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Usage of the term "suiting" - Page 2

post #16 of 22

**fashion e-commerce site menu of 2026**

 

suiting

jacketing

shirting

panting

knitting

shoeing

post #17 of 22
It might be an evolution of English language, but I'm not sure it is in a good direction. I think it is driven not by native English speakers and their needs to describe changing environment, but by the whole world, for most of whom English is a second language, and used only for basic communication - not used to express any deep thought and without any aesthetic intent.
I know, I am one of them. Before moving to NA, I used to sit on meetings or conf calls with 10+ people speaking English, getting things done and none of us were native English speakers. All sorts of nasty language constructs were used, but who cares. I can imagine something like "suiting" being baked in similar type of kitchen.
post #18 of 22
Quote:
Originally Posted by ChetB View Post

**fashion e-commerce site menu of 2026**

suiting
jacketing
shirting
panting
knitting
shoeing

You misspelled pantsing.
post #19 of 22
Quote:
Originally Posted by Matt S View Post


It's not just businesses that use it but also magazines and newspapers in their articles about suits. Whenever I read a New York Times article about men's style these days they always mention "suiting".

 

Normal, I have never read a proper or correct article about classic dressing on any so called dressing blog, then how to expect on any newspaper or magazine?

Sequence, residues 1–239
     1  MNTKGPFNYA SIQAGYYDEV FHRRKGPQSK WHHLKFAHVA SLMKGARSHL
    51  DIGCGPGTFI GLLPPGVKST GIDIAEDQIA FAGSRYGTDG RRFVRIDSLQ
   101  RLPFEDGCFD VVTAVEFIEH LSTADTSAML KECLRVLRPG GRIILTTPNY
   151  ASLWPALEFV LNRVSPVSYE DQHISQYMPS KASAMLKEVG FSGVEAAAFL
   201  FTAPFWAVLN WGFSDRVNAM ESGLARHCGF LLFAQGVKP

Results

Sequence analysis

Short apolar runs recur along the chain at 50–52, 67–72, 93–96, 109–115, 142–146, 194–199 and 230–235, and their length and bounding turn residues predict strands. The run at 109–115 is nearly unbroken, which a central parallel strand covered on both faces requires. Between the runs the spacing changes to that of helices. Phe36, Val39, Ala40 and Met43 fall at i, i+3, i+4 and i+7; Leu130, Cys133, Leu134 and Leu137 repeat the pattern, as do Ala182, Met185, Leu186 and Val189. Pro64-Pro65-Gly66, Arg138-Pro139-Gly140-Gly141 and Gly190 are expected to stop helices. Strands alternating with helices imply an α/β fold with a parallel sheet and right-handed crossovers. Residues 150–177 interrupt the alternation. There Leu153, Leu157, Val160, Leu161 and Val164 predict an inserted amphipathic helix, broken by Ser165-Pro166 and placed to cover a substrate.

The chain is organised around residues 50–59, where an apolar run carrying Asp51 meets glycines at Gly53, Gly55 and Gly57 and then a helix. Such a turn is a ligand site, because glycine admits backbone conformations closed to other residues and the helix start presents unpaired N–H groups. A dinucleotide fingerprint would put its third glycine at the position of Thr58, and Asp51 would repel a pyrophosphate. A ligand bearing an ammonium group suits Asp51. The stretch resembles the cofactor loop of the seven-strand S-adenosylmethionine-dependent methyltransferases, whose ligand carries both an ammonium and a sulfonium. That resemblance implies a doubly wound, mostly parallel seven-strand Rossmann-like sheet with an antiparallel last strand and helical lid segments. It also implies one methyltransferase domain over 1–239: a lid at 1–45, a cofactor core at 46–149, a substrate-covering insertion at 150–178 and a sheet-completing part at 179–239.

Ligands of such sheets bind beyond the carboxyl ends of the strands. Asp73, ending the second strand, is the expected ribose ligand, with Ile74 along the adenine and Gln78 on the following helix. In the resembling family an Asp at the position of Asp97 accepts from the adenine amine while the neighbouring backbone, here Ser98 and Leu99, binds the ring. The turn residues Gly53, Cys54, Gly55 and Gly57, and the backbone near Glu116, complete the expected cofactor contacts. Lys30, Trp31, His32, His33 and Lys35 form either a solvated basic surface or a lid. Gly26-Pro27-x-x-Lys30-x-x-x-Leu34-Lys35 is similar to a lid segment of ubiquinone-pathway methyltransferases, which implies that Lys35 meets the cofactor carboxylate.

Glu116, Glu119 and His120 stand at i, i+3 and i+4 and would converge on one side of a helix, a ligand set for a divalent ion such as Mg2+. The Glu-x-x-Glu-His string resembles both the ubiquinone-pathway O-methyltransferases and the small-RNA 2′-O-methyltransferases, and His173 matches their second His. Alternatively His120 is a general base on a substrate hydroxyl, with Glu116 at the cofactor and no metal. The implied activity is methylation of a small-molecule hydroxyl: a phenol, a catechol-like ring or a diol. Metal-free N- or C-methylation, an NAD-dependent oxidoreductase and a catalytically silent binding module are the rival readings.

post #20 of 22
Quote:
Originally Posted by SartodiNapoli View Post

I have never read a proper or correct article about classic dressing on any so called dressing blog, then how to expect on any newspaper or magazine?
It's uncommon for an expert in any field - economics, cosmology, firearms, film making, etc. - to regard any article about his field, which is published in the popular press, to be particularly accurate.

I don't see why classic dressing would be any exception.
post #21 of 22
Thread Starter 
Quote:
Originally Posted by BigBadBernard View Post

'Suiting' is, of course the cloth.

'Jacking' is a verb. As in, ...off

Sorry, I meant "jacketing". But nobody has a car?
post #22 of 22
Thread Starter 
Quote:
Originally Posted by Count de Monet View Post

Also, I believe what AC meant was using "oxford" to describe any shoe dressier than Chuck Taylors having laces.  In other words, blurring the "open lacing/closed lacing" distinction.  I have even noticed that on Alden & AE's websites, i.e. referring to a derby or blucher as an oxford.  Folks you'd think would know better. 

I know what he meant. Americans use the terms "bal" and "blucher" to differentiate between open and close lacing. Alden & AE have used the term oxford to be any lace-up shoe long before the internet existed. Oxford simply means something different to Americans than it does to the British, just as suspenders and pants are different to the Americans. None of these are recent changes. Where do we draw the line with misuse compared to the development of regional differences?
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